You posts on the Cairo Trilogy make me revisit and rethink my own reading of the books. Thank you! 🙂

  2. I have always been fascinated with the level of scrutiny that comes into play when world leaders meet. Our cable news channels spend hours on end analyzing body language and dissecting comments. I’ll bet I’ve seen a five second film of Queen Elizabeth and Michelle Obama and “the touch” 20 times tonight. From what I can gather, most people have decided that “the touch” was a good, rather than a bad thing and if that’s the most controversial thing that happened this week, I’d say it was a good visit 🙂

  3. I’m glad to hear you were offered one of the available positions.

    I haven’t read the Palace Walk trilogy yet, but will one of these days. What about the writing style don’t you like?

  4. Myrthe – like you I also want the story and that is one of the reasons I continue to be fascinated by the Trilogy. You’re quite right in that the style does mirror the cultural environment somehow and it does help to put the reader firmly within that country and also the time, I think. So, I’m developing very much an irritable love-hate relationship with these books!

    Lisa – yes, it’s fascinating to watch it all and now similar scenes are being beamed to us from France! The Obama – Michelle scenes are actually quite refreshing and perhaps it will all help to change this world a little, for the better!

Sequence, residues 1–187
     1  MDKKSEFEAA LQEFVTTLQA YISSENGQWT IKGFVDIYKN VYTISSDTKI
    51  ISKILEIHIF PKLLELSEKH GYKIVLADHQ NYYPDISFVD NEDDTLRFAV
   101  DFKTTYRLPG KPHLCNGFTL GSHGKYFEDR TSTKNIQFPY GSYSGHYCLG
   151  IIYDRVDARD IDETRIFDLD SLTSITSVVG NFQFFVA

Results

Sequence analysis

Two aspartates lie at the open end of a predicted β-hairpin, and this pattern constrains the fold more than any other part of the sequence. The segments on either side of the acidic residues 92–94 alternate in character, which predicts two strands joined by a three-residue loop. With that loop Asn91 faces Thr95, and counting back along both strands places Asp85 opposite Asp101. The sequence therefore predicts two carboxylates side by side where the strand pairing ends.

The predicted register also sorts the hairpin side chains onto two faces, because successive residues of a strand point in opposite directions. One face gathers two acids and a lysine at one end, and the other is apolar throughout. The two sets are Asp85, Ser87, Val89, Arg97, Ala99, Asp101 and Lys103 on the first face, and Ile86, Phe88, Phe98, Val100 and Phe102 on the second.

a devoted reader – see also my response to Myrthe above. The books are of course translated from the Egyptian and I suppose that the translation faithfully mirrors the Egyptian style of writing, which is much more ’emotional’ in its story telling fashion. For example, there are very long and near tedious expositions of how Kamal feels about the sister of his best friend (he is infatuated and she is not responsive): ‘He was treading underfoot a surface her feet had once traversed. His revernce was so great he could scarcely continue. He would have liked to stretch his hand out to the wall of the mansion to seek its blessing, as he had once at the sepulchre of al-Husayn, before he learned it was nothing but a symbol. In what area of the mansion might his beloved be disporting herself at the moment? What would he do if she favored him with one of her fascinating glances? If only he could find her in the gazebo, then his eye would be rewarded for all it sforbearance, longing, and sleeplessness.’ etc. and there are many more of such paragraphs. Hence my impatience at times. .. However, I must emphasise that the story of this family and how they interact also with people around them is fascinating! Don’t let me put you off reading the Trilogy!

  5. I’m glad you’ve survived the job cuts – it’s a scary time these days, that’s for sure.

    I read Palace Walk, but haven’t moved on to the second novel in the trilogy. I had something of a love/hate relationship with Mahfouz myself…don’t know if I’m quite in the mood to take on another one.

  6. I’m so happy for you about the job! Yea!